What’s Best For The Team 🤷‍♂️

In Blog, Hustle Podcastby Eric Byrnes

Just finished reading Trillion Dollar Coach written by Eric Schmidt, Jonathan Rosenberg and Alan Eagle. The trillion dollar coach they are referring to is former Columbia football coach, Bill Campbell…

Yet, it’s not exactly what you would think. This isn’t a success story about the college football coach that took over a struggling football program and led them to national prominence… Quite the opposite actually. 

Bill Campbell has a relatively unremarkable and short lived tenure at Columbia, but what he did have was an ethics and value system in place that arguably made him one of the greatest coaches in any sport and any industry. 

After Columbia, Bill humbly headed west, got into sales and found a career home in the computer software industry… Campbell went on to become the VP of marketing at Apple and the CEO for Claris, Intuit and Go Corporation… 

That’s cool, former football coach done pretty good, right? 

Not even close, This dude took his unique skill set and became the ultimate conduit between the hard working eccentric engineer types and tough love executives. As Campbell’s career progressed, his natural demeanor and knowledge of the industry led him to become the most famous and influential “executive coach”… EVER. 

Larry Page, Sergey Brin, Eric Schmidt, Jonathan Rosenberg and Sundar Pichai at Google, Steve Jobs at Apple, Brad Smith at Intuit, Jeff Bezos at Amazon, John Donahoe at eBay, Marissa Mayer at Yahoo, Dick Costolo at Twitter, and Sheryl Sandberg at Facebook we’re just a few of the many eye popping names listed on Wikipedia that Bill worked with.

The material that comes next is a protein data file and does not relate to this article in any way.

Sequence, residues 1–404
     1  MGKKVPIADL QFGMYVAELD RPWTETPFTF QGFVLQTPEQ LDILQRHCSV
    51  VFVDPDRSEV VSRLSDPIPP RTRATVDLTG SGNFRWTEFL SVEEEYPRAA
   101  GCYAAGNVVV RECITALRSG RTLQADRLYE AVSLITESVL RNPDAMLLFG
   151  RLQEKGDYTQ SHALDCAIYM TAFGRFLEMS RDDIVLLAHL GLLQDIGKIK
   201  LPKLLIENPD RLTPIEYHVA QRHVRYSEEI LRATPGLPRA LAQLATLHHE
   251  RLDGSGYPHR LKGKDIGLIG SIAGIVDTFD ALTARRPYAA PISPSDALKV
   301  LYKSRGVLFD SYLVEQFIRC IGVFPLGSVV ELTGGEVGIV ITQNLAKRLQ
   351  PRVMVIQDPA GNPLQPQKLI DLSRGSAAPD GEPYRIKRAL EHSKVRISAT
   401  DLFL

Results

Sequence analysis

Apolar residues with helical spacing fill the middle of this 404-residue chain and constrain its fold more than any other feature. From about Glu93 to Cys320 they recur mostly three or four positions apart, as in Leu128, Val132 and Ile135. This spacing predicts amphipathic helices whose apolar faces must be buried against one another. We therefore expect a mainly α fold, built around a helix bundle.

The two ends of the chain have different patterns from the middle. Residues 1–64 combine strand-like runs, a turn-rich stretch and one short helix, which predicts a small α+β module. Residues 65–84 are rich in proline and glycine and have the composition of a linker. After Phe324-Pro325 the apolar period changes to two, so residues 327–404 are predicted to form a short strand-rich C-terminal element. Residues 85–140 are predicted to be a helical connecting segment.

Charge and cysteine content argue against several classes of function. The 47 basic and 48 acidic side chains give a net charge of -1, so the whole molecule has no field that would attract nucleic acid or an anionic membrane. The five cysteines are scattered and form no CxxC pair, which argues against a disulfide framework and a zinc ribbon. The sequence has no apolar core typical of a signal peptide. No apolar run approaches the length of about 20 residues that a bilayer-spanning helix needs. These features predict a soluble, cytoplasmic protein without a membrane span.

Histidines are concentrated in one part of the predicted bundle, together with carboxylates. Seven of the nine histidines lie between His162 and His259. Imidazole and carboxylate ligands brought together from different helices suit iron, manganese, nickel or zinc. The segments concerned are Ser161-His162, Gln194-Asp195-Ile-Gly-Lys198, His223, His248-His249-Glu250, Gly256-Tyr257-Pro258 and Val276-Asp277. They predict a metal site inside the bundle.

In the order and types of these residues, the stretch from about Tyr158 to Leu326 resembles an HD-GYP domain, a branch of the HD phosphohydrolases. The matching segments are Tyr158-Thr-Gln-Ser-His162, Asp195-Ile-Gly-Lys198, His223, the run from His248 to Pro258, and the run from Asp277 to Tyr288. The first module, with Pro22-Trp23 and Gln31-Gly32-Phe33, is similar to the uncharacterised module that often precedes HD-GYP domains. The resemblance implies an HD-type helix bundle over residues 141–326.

In this day and age where artificial intelligence is taking over the world, Bill taught us that there is not a computer program in the world that can replace true and authentic human interaction and communication that will help maximize individual performance resulting in monumental team gains. 

The beautiful part about Bill was that he was a no nonsense football coach that somehow randomly found himself at the forefront of the technological revolution in the middle of Silicon Valley, and he had an overwhelming influence on the world far greater than if he had gone on to win multiple Super Bowls… 

Sometimes in life, we think we find our calling (our Ikigai), yet in reality, it’s our ikigai that finds us… So long as we remain authentic and open to what the world brings, just like Bill, we’ll capitalize on life opportunities and bring the world what it needs.

Bill didn’t do this sitting behind a computer screen and by being a hermit. He did this by developing relationships and dedicating his life to figuring out what’s best for the team… 

Not him. 

-EB